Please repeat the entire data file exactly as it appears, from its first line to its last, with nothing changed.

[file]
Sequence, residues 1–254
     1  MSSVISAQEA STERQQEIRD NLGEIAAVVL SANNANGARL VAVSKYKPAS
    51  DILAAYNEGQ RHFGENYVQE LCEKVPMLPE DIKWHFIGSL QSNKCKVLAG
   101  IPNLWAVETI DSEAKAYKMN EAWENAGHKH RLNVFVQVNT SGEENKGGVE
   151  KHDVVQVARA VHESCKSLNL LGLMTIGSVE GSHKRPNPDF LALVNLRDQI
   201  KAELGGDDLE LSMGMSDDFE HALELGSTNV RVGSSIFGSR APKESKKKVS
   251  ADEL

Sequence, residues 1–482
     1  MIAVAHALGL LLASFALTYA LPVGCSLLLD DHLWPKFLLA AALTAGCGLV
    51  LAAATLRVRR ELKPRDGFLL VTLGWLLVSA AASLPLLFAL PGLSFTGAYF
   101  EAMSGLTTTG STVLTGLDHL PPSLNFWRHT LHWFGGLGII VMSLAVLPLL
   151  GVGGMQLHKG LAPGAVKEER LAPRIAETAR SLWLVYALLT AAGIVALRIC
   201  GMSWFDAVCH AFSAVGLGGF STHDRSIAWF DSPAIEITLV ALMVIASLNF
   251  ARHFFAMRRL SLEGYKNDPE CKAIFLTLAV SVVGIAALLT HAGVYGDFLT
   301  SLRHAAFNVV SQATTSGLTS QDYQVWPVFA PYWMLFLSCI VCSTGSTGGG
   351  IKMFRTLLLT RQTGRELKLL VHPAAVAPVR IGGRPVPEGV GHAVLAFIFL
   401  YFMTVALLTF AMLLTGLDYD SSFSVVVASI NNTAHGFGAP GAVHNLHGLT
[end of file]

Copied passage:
Sequence, residues 1–254
     1  MSSVISAQEA STERQQEIRD NLGEIAAVVL SANNANGARL VAVSKYKPAS
    51  DILAAYNEGQ RHFGENYVQE LCEKVPMLPE DIKWHFIGSL QSNKCKVLAG
   101  IPNLWAVETI DSEAKAYKMN EAWENAGHKH RLNVFVQVNT SGEENKGGVE
   151  KHDVVQVARA VHESCKSLNL LGLMTIGSVE GSHKRPNPDF LALVNLRDQI
   201  KAELGGDDLE LSMGMSDDFE HALELGSTNV RVGSSIFGSR APKESKKKVS
   251  ADEL

Sequence, residues 1–482
     1  MIAVAHALGL LLASFALTYA LPVGCSLLLD DHLWPKFLLA AALTAGCGLV
    51  LAAATLRVRR ELKPRDGFLL VTLGWLLVSA AASLPLLFAL PGLSFTGAYF
   101  EAMSGLTTTG STVLTGLDHL PPSLNFWRHT LHWFGGLGII VMSLAVLPLL
   151  GVGGMQLHKG LAPGAVKEER LAPRIAETAR SLWLVYALLT AAGIVALRIC
   201  GMSWFDAVCH AFSAVGLGGF STHDRSIAWF DSPAIEITLV ALMVIASLNF
   251  ARHFFAMRRL SLEGYKNDPE CKAIFLTLAV SVVGIAALLT HAGVYGDFLT
   301  SLRHAAFNVV SQATTSGLTS QDYQVWPVFA PYWMLFLSCI VCSTGSTGGG
   351  IKMFRTLLLT RQTGRELKLL VHPAAVAPVR IGGRPVPEGV GHAVLAFIFL
   401  YFMTVALLTF AMLLTGLDYD SSFSVVVASI NNTAHGFGAP GAVHNLHGLT